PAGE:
Question Assumptions,
the world is the focus Group.

Hold my beer.

I often run into people who say,

“I’m not sure exactly what you do?” 


I think it’s best to start the story from when I walked across the stage at my high school graduation and the MC read out to the crowd,

“Many would say that Jordan is ahead of his time, and is therefore taking a year off of school in hopes that it will catch up.”


While I was waiting for time to catch up, I thought it might be a good idea to pursue an acting career. While I would by no means call that endeavor a success, having only appeared in a MADD Canada commercial and a YTV Commercial,  it did lead me to spend a year doing in-person demos in Large Department stores all across Canada and selling knock-off sham-wows. I must truly say that even though I became one of the top sales reps for the company, this was definitely one of those ‘check your soul at the door’ kind of jobs.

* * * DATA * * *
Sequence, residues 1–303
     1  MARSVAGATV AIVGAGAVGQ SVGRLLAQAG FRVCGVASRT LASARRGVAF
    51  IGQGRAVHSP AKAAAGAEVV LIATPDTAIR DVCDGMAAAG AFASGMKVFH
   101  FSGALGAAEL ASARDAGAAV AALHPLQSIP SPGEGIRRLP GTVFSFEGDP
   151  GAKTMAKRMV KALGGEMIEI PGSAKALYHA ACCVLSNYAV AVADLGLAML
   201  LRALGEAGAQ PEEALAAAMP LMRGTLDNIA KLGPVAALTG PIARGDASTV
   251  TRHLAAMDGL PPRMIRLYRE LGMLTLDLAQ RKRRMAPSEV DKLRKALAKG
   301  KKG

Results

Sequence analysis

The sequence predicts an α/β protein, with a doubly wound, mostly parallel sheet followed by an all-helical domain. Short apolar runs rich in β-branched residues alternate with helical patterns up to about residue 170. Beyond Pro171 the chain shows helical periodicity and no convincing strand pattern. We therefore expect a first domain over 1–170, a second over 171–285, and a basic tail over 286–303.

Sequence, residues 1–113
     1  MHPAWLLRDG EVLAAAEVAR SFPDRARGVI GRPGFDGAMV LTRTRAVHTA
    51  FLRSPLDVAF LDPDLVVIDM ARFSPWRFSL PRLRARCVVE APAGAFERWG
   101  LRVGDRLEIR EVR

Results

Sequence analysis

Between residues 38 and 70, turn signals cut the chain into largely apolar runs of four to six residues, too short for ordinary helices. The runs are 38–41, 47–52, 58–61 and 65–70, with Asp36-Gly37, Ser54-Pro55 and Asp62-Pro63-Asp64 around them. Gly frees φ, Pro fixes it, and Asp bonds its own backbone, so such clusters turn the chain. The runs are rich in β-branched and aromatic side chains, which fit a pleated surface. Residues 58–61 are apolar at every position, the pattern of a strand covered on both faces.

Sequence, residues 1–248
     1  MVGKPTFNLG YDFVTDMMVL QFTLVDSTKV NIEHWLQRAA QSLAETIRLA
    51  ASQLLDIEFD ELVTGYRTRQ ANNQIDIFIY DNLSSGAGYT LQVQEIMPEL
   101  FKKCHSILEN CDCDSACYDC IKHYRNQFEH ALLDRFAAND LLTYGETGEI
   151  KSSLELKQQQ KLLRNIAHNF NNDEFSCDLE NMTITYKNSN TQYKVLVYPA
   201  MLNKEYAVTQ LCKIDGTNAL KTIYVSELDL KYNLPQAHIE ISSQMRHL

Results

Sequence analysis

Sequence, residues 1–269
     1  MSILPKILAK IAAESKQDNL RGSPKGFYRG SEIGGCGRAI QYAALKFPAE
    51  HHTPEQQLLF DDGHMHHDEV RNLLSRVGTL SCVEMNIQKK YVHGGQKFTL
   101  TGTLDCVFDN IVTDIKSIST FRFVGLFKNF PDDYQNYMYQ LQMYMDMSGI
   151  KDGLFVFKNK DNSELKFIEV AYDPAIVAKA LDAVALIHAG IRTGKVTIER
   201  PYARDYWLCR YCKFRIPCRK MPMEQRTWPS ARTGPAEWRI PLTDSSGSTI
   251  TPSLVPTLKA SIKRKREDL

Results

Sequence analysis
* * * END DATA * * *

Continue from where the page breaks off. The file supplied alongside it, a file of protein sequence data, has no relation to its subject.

Needless to say, I thought it might be a better idea to attempt the academic route, so I enrolled at the University of Western in Consumer Behavior and Psychology.

While fully participating in clubs and a few too many social events, I also focused on two main extra curricular activities.

One of these was running the marketing intern team at Budweiser Gardens. Our team’s job was to develop and execute the guerrilla marketing and promotional campaign for the shows put on by Global Spectrum (now Spectra Experiences).

We ran shows with some pretty cool artists and performers, here are a few of the memorable ones:

I truly did luck out landing a job as a promotional representative for 102.3 Bobfm while I was in school.

I got to participate in amazing community events, drive a Jeep for the summer, participate in giveaways, and spend some time with the most awesome crew, what more could a student ask for?